Is your father still working?

    In terms of using the money then paying off their own debts would be fine but best to avoid paying for the student loan, that wouldn't be a good use of the pension money.
    • xylophone
    • By xylophone 8th Jul 17, 8:46 PM
    • 23,470 Posts
    • 13,648 Thanks
    xylophone
    • #6
    • 8th Jul 17, 8:46 PM
    • #6
    • 8th Jul 17, 8:46 PM
    http://www.litrg.org.uk/tax-guides/pensioners-and-tax/what-tax-position-when-i-take-money-my-pension-flexibly

    Are you sure about the tax?
    • seven-day-weekend
    • By seven-day-weekend 9th Jul 17, 6:52 AM
    • 29,711 Posts
    • 55,541 Thanks
    seven-day-weekend
    • #7
    • 9th Jul 17, 6:52 AM
    • #7
    • 9th Jul 17, 6:52 AM
    It will not affect the State Pension, but may affect any means-tested Pension Credit (*if they get that).
    To love someone is to learn the song in their heart and to sing it to them when they have forgotten it
    'I believe in Christianity as I believe that the sun has risen. Not only because I see it, but because I see everything by it': C.S. Lewis
    'Let me tell you this one thing. When you fall out, as you will, don't get blaming each other. Look inside yourself first'. - Hilda Ogden, to Sally on her wedding day to Kevin, Coronation Street 1986. '
    • tomhill
    • By tomhill 9th Jul 17, 11:00 AM
    • 49 Posts
    • 11 Thanks
    tomhill
    • #8
    • 9th Jul 17, 11:00 AM
    • #8
    • 9th Jul 17, 11:00 AM
    Hello,

    A few thoughts from me. I think that you'd do well to jot down what you think their income, capital and expenditure is likely to be going forwards. So for example:

    Capital
    Dad's pension: £60k
    Excess capital from downsizing: £50k
    Other savings: £3k

    Income
    Dad's state pension: e.g. £8300
    Mum's state pension: e.g. £5000
    ESA: £5000
    PIP: ???

    Expenditure
    Food:
    Travel:
    Heating etc:
    Debts: e.g. £200 month for X years.

    From this, you should be able to see how much you've got to play with and how much you need.

    On the limited information that you've provided I'd be thinking about the following things:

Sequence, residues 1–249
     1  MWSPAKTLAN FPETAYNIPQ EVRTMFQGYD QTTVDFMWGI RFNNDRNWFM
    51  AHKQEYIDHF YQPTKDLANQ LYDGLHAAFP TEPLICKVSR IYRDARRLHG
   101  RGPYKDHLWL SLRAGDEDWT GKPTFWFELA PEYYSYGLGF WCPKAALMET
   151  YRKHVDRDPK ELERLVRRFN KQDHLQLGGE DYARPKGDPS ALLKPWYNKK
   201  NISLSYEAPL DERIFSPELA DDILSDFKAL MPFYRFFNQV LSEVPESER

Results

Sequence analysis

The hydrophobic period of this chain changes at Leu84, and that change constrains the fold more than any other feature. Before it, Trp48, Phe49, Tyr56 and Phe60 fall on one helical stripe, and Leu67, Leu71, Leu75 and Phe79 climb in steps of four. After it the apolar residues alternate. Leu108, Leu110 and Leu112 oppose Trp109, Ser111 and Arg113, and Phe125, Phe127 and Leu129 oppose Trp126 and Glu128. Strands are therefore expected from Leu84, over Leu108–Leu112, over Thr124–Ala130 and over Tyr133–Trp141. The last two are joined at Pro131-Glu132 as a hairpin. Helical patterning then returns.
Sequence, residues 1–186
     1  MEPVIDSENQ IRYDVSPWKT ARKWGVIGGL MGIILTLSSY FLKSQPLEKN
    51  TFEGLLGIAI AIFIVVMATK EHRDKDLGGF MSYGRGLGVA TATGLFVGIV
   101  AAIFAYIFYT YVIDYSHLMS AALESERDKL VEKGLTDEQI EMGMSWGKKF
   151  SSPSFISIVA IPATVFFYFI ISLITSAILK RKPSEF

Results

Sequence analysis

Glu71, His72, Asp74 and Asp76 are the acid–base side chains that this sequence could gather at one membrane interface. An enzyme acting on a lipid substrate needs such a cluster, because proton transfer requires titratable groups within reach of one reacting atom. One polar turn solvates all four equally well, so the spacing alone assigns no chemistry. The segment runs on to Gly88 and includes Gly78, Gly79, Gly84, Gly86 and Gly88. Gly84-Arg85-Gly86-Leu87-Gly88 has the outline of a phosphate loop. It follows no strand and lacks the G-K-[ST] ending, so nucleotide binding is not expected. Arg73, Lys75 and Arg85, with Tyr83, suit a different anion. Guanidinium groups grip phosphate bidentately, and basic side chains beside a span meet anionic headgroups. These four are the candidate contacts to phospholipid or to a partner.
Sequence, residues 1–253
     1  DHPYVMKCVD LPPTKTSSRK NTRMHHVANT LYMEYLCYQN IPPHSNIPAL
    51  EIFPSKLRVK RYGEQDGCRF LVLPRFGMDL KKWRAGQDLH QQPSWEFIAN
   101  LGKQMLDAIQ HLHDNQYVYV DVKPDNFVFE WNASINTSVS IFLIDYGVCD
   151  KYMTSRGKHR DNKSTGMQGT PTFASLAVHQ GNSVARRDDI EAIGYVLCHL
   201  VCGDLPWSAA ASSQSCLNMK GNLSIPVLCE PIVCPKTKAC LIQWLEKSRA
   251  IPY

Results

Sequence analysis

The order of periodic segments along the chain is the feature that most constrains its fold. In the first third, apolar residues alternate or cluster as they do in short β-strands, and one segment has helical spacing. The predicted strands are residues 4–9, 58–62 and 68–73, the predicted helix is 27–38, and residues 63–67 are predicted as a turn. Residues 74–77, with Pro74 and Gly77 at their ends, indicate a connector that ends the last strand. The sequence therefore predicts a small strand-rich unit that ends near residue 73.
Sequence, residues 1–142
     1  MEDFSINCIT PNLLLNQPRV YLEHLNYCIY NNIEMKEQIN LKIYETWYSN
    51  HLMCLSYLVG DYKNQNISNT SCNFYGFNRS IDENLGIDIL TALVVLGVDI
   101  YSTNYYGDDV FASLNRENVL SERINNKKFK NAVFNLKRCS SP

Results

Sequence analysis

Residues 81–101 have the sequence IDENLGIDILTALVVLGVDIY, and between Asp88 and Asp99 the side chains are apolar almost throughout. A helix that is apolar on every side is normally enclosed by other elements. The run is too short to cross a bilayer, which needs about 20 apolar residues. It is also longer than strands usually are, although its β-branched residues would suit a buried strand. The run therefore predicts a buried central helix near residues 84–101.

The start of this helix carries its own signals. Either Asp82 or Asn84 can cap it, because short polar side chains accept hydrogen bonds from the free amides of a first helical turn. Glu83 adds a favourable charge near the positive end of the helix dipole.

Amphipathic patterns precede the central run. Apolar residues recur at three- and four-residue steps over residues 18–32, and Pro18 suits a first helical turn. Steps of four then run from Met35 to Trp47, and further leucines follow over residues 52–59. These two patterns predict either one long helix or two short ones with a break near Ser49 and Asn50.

- Do both of your parents have full NIC contributions? If not, how much would it cost them to top them up and how much would it earn them?
    - Is it worth dropping (some of) the excess money from their (potential) house sale into a pension? For every £8k that they put in the Government would add another £2k to the pot. That could come in handy.
    - How much are the car loans costing them in percentage terms. Is there a cheaper way for them to finance this (e.g. regular unsecured loan)?
    - Are your parents entitled to carer's allowance on the basis of your mother's diagnosis?

    As other's have said, it's unlikely that taking the full amount out as a cash lump sum is the best idea as you'll be stung for higher rate tax at the higher amount. You'd be better off taking the tax free lump sum and then filtering the rest of the money out over several years.

    Another option you might want to consider would be to leave the £60k in the pension and top it up with some of the proceeds of the downsized. Say that that took the value up to £100k. If your parent's then took roughly 4% a year out of that then they could be relatively confident that that would be sustainable and last them for the rest of their lives. You'll obviously have to consider how that money's invested though, but there's other threads and discussions that can help with that.